Performance of beef heifers grazing stockpiled endophyte-infected, endophyte-free or non-toxic endophyte-infected tall fescue
OLIPHANT, ERINN JOYCE. Performance of beef heifers grazing stockpiled endophyte-infected, endophyte-free or non-toxic endophyte-infected tall fescue. (Under the direction of Dr. Matthew H. Poore). A two-year grazing study was conducted from December to February of 2002- 2003 and 2003-2004. The objective of this study was to evaluate animal performance and agronomic persistence of non-toxic endophyte-infected (EN) fescue in comparison to endophyte-infected (E+) and endophyte-free (E-) tall fescue in a stockpiling system. Forty-eight (year one) and 60 (year two) Angus-cross heifers were grazed on one of three treatments for 70 days in year one and 86 days in year two. Plots were established in the fall of 1999 and averaged 1.01 ha. All plots were clipped in August and fertilized in September with 94.9 kg/ha (year one) and 84.2 kg/ha (year two) nitrogen from 30% liquid urea/ammonium nitrate. From August forward the forage was allowed to accumulate until the initiation of the study in December. Each day heifers were given a fresh allotment of forage through use of a stripgrazing management system. Digestibility of the forage did not differ by treatment (P = 0.51) but was higher in year one than in year two (IVTDMD 80% year one, 65% year two; P < 0.01). Crude protein tended to be greater in year one (10.9%) than in year two (9.74%; P = 0.08). Average daily gain (ADG) did not differ by treatment (P > 0.21) and was higher on pasture during year two than year one (0.48 kg/d vs. 0.40 kg/d, respectively; P = 0.03; SE ± 0.053). Final body condition scores (BCS) were higher in year one (5.25 E+, 5.26 E-, 5.14 EN) than in year two (5.06 E+, 4.98 E-, 4.96 EN; P = 0.01; SE ± 0.049). Serum urea nitrogen (SUN) did not differ by treatment (P = 0.77) but there was a significant year effect (P < 0.01) with SUN levels being higher in year two than in year one, and there was also a significant year by treatment interaction (P = 0.02). The percentage of heifers that experienced an estrous cycle at least once over the course of the study did not differ by treatment (P = 0.61) or year (P = 0.25). Endophyte-free fescue did not perform as well under heavy grazing conditions as did endophyte-infected or non-toxic endophyte-infected fescue over the course of the two-year study. The area grazed was greater both years for E- fescue (0.870 ha year one, 0.656 ha year two) than for E+ fescue (0.678 ha year one, 0.555 ha year two) or EN fescue (0.708 ha year one, 0.582 ha year two; P = 0.01; SE ± 0.0473). The percentage of non-fescue species in the sward was greater for E- plots (18.9% year one, 25.0% year two) than for E+ (12.2% year one, 13.1% year two) or EN plots (12.5% year one, 15.9% year two; P = 0.02; SE ± 2.03) during both years. Total pre-graze forage mass was lower both years for E- plots (P = 0.05). Animal grazing days, gain per hectare and carrying capacity were all greater in year two than in year one (P < 0.01) but did not differ due to treatment. The percentage of fescue that was green was greater in year one (66.5%) than in year two (51.8%), but there was no significant difference due to treatment (P = 0.91). These results indicate that E+ fescue may not affect ADG, BCS and progesterone concentrations when stockpiled and stripgrazed in the piedmont of North Carolina over the winter. Non-toxic endophyte-infected fescue seems to support animal performance to a level equal that of E- fescue and have agronomic properties similar to E+ fescue.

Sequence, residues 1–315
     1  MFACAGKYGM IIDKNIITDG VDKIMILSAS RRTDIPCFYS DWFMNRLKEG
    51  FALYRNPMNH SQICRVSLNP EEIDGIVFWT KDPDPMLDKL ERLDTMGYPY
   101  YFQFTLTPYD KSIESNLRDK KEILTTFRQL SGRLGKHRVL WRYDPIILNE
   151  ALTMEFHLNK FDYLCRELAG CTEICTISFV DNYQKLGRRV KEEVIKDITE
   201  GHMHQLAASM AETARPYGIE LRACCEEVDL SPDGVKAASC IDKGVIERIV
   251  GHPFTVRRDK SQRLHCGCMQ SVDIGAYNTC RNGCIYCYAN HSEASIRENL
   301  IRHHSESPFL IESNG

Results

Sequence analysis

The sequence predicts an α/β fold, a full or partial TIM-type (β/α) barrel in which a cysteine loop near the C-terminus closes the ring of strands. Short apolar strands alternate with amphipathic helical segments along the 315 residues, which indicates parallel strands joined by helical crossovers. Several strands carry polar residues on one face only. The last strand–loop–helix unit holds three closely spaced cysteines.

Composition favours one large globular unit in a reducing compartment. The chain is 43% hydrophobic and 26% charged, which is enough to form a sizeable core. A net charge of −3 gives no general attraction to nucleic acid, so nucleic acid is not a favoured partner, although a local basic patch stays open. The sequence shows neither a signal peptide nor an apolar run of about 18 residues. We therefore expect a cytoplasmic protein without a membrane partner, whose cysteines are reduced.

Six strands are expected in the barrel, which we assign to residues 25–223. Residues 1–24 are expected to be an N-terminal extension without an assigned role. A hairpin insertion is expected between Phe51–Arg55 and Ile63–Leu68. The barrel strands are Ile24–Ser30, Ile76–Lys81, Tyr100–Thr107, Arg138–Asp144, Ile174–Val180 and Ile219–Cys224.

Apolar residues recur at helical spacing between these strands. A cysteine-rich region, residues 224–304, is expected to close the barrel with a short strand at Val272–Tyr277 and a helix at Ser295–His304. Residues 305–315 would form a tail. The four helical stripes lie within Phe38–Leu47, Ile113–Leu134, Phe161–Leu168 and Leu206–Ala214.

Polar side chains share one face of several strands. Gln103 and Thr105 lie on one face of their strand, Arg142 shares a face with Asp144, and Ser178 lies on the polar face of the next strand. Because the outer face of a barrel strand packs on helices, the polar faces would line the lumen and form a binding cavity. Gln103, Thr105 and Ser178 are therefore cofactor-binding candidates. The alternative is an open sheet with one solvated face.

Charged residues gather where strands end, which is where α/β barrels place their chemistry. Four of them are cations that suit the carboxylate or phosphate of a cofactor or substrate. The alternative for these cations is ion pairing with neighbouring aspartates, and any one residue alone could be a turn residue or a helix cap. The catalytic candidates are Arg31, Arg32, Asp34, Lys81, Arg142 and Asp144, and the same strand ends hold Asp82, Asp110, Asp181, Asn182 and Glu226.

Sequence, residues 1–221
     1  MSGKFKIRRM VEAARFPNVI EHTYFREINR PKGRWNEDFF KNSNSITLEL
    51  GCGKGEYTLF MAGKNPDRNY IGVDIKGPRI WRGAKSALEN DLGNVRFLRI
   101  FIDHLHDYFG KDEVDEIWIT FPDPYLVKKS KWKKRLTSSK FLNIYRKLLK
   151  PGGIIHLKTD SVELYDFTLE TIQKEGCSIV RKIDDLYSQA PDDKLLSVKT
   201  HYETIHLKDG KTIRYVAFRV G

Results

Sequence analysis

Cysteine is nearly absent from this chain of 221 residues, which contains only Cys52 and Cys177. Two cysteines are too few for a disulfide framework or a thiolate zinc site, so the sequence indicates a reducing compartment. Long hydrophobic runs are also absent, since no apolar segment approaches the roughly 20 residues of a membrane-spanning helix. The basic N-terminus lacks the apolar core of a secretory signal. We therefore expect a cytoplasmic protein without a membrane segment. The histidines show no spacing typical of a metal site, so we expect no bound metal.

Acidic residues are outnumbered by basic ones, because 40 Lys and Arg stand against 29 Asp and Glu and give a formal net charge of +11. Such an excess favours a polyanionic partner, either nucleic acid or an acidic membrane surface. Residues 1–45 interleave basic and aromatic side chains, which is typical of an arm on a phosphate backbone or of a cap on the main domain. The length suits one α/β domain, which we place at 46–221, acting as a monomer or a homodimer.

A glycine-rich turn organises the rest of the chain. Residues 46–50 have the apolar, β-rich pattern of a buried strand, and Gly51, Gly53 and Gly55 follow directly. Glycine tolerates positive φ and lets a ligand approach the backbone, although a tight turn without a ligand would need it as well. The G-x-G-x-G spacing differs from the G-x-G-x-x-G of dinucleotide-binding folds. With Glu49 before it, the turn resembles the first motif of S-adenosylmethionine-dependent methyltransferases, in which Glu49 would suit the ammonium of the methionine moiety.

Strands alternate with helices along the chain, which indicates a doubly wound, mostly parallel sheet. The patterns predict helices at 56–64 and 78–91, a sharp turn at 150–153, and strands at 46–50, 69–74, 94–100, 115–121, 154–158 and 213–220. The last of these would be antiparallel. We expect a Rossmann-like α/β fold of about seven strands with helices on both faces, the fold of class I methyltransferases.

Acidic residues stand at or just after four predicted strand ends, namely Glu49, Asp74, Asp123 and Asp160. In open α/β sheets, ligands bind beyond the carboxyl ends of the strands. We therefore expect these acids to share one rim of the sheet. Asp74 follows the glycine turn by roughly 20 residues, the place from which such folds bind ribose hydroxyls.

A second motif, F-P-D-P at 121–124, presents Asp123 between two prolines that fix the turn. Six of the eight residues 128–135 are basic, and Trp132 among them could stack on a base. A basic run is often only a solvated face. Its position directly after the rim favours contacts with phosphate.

Advisor:James T. Green; Matthew H. Poore; Mitch E. Hockett
School:North Carolina State University
School Location:USA - North Carolina
Source Type:Master's Thesis
Date of Publication:12/02/2004